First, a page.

For a lecture and some tutorials I visited the University of Lichtenstein today talking to a group of master students at the Institute of Architecture and Planning. The input lecture did focus on the topic of mapping and the implementation of mapping as a practice but also as a methodologies. The input is closely linked to the term projects the students are working on, the mapping of the country of Lichtenstein under specific aspects.
Lichtenstein is tiny with only some 35,000 inhabitants. The small territory constantly confronts one with the questions and expressions of distinction in order to sustain itself. A constant feature is the fact that one sees beyond the country borders. Where ever you are the reference of the other side is always present rendering this here and there relationship very complex.
Image taken from akpool / An old postcard from Vaduz showing the Castel on the upper left hand side.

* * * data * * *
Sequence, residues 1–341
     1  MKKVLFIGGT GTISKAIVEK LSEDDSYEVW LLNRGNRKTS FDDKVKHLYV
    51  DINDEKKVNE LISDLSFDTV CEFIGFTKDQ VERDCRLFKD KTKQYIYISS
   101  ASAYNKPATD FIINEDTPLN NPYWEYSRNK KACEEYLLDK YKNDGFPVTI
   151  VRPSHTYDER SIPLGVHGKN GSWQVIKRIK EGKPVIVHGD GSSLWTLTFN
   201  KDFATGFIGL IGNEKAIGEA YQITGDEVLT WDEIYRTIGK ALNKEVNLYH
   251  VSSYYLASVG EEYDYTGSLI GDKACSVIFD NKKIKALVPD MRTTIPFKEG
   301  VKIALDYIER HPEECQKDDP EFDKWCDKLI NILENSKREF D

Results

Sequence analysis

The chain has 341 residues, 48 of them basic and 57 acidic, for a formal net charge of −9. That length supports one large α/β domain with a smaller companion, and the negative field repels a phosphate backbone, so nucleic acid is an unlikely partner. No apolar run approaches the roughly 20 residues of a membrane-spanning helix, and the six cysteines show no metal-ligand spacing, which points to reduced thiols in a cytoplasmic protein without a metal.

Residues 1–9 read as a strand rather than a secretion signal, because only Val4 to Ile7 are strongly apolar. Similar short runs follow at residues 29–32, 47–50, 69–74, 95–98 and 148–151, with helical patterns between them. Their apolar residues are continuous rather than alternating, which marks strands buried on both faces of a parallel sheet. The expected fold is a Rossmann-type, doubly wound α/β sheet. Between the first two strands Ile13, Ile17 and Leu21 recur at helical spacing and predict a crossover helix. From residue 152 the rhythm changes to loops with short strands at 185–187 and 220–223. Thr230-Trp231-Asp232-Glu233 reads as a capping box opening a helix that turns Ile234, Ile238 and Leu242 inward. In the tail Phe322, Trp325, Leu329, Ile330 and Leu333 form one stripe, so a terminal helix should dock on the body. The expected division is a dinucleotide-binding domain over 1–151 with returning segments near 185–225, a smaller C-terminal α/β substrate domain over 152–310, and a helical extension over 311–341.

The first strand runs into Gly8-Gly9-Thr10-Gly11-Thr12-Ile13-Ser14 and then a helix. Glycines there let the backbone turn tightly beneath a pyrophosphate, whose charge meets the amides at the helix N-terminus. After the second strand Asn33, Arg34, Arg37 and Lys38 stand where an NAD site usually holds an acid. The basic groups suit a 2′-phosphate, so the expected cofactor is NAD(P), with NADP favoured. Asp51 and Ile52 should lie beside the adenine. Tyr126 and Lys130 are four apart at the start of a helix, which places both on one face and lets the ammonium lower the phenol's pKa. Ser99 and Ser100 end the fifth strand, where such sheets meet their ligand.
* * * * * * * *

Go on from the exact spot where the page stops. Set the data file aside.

The task for the students is to develop representations in the form of maps that summarise their individual investigations. It all starts with a walk, a stroll and unfolds between the steps tripping stones and barriers. In thesis sense quite a dynamic and explorative setting.
The input on mapping under the title Hic Sunt Dracones - Mapping, what ever. the lecture developed a rather descriptive methodology of mapping in the context of mapping as a tool, mapping as a practice and mapping as a visualisation. The focus is on topics and characteristics rather than context and specific project.
The developed approaches range from memory mapping and interview as a tool of spatial investigation to more obvious topics of distance, sound and land use and more narrative driven proposals developed around a fictional roman soldiers who lived 2000 years ago by uncovering buried layers of remains and the refolding of processes or the discover of a 49th orchid species based on environmental conditions.
Image taken from ebitki.com / Three of the more rare orchid species that can be found in Lichtenstein: , Chamorchis Alpina, Malaxis Monophyllos and Flora Danica .